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September inflation records 10.6%

Economy & Investments Prof. Samuel Annim
OCT 18, 2021 LISTEN
Prof. Samuel Annim

The national year-on-year inflation rate was 10.6% in September 2021.

This is 0.9 percentage point higher than the 9.7% recorded in August 2021.

Government Statistician, Prof. Samuel Annim, who made this known to the media, said month-on-month inflation between August and September 2021 was 0.6% (0.3 percentage points higher than what was recorded in August 2021).

'Housing, Water, Electricity, Gas and other

Fuels' (18.7%) recorded the highest inflation for the inflation rates of all divisions.

He said the food inflation which stood at 11.5% was higher than last month's 10.9% and just above the average of the previous 12 months.

However, the contribution of food to total inflation dropped from 50.2% last month to 48.6% in September adding that overall, month-on-month food inflation was 0.0%, which was lower than the twelfth month national average month-on-month inflation.

Vegetables, coffee and coffee substitutes, and cereal products were the only subclass that recorded a negative month-on-month inflation.

Non-food year-on-year inflation on average went up in September compared to the previous month (from 8.7% to 9.9%).

Out of the 13 division, six had higher year-on-year inflation in September 2021 than the rolling average over the last 12 months.

Meanwhile an economist with Databank, Courage Martey, has indicated that the rising level of inflation, if unchecked, could impact the purchasing power of Ghanaians.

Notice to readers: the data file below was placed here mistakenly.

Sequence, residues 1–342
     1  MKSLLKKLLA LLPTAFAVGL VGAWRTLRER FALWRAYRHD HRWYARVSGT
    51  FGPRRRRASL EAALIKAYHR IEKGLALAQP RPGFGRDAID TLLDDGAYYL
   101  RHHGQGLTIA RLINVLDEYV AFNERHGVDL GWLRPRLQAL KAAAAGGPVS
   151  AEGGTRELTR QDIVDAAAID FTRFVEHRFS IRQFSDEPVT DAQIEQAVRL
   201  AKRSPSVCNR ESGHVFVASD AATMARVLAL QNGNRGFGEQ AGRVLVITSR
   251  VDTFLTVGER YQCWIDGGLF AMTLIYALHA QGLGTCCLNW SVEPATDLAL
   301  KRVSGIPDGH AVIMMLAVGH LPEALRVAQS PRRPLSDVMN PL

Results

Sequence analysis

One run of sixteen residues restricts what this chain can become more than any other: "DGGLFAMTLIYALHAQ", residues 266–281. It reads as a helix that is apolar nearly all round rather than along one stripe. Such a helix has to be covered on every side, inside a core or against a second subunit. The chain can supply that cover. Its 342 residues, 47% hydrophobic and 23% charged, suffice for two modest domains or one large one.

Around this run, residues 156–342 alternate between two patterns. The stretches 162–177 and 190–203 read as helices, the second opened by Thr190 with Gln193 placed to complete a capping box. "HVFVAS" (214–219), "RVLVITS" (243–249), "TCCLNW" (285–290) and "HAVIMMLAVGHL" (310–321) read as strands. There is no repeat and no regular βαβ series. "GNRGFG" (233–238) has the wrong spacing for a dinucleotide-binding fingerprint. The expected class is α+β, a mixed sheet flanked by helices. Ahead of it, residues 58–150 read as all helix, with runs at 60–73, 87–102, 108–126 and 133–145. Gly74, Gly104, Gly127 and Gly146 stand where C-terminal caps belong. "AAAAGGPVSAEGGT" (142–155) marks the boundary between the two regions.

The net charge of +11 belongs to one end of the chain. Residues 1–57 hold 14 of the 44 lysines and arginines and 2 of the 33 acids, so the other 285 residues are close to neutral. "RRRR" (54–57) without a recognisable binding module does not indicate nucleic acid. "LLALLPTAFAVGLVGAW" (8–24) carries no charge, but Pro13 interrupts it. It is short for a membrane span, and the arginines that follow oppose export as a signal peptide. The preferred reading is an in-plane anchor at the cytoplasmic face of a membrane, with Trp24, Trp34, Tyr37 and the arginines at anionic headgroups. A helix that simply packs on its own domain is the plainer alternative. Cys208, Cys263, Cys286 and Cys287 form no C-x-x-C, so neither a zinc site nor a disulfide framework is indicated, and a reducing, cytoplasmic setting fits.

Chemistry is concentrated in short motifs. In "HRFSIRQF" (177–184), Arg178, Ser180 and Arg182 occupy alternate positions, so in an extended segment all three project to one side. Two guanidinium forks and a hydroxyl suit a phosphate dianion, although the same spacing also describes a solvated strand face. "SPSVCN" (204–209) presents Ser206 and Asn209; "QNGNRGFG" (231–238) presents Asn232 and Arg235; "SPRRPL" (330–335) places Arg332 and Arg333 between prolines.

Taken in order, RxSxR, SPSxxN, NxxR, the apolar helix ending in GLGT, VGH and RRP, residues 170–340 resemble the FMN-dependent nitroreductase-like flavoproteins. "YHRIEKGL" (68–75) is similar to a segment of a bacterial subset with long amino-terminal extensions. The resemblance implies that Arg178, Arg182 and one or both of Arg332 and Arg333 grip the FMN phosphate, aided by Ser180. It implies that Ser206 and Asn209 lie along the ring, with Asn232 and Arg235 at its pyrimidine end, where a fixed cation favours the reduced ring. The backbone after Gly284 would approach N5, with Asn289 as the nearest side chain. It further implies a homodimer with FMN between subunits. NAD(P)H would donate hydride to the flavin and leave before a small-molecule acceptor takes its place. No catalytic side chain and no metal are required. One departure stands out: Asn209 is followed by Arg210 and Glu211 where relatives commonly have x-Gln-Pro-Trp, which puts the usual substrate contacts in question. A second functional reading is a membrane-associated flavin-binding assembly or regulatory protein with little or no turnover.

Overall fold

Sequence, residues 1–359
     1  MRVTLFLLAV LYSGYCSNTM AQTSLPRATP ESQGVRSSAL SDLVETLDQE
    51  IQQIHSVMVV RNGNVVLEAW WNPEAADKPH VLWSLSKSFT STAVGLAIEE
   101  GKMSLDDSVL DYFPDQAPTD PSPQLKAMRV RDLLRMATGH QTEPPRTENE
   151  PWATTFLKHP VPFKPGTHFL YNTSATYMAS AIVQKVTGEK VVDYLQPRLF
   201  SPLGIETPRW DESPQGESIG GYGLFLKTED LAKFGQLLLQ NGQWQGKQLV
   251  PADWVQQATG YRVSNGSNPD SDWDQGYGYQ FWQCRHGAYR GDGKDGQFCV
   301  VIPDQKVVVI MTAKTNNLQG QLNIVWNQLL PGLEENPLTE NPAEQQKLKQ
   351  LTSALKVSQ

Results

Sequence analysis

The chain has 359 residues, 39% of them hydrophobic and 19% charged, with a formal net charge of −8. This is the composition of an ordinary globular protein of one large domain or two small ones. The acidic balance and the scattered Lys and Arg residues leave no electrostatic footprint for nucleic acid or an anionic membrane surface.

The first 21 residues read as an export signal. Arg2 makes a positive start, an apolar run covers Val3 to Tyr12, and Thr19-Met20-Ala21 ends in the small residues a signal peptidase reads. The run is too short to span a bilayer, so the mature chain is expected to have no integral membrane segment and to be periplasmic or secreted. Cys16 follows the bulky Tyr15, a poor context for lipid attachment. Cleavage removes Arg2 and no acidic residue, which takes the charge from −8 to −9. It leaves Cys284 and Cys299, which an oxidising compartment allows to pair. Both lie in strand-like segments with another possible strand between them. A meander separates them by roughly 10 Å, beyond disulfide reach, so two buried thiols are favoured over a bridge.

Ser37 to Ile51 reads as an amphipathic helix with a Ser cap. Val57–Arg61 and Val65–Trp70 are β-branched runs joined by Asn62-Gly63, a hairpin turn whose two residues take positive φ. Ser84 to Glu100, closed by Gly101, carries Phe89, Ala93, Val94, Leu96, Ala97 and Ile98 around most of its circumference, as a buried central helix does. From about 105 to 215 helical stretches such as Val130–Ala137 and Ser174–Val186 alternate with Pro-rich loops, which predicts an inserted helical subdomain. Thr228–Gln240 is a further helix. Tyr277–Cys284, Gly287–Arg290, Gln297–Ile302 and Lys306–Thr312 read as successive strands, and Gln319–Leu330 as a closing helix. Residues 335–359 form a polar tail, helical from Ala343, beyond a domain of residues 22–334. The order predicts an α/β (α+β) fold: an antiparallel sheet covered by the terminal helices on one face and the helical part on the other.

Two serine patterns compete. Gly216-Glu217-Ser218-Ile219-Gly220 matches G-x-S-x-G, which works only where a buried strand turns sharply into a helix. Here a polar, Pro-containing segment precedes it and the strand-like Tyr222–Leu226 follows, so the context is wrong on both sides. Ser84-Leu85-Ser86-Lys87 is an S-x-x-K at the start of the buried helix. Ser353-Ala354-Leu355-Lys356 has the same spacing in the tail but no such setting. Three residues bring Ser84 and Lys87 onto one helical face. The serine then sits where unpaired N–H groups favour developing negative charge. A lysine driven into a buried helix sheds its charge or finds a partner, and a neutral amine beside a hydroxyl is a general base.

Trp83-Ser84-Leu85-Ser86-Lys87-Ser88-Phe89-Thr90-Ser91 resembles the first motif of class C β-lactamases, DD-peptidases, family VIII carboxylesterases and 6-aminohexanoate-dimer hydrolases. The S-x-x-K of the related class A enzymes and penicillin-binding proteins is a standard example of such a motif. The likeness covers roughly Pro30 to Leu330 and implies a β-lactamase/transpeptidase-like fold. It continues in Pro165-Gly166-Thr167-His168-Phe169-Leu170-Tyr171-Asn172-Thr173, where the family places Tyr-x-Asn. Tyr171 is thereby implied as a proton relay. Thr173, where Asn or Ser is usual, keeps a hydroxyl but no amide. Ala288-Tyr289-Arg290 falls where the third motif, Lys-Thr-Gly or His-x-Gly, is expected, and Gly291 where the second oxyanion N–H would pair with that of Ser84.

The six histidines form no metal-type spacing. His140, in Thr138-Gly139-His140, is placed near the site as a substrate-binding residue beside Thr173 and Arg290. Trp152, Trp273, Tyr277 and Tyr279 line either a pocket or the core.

For four months in a row, the rate of inflation has witnessed an increase.

After dropping from 10.3% in February this year to 9.9% and 8.5% in March and April respectively, the rate dropped further to 7.5% in May. It has since then increased constantly through June, July, August and September, driven mainly by increases in food prices and other factors.

Speaking to Citi Business News, Mr Martey, expressed concern over the impact of rising inflation on disposable income and interest rates.

“Inflation is generally an erosion of your purchasing power. With an increase in the inflation rate, you would either need more money to buy the same item or buy less with the same amount of money you had last year. So disposable income has been reduced as it stands for consumers, and it is only a matter of time that standard of living will also be negatively impacted,” he said.

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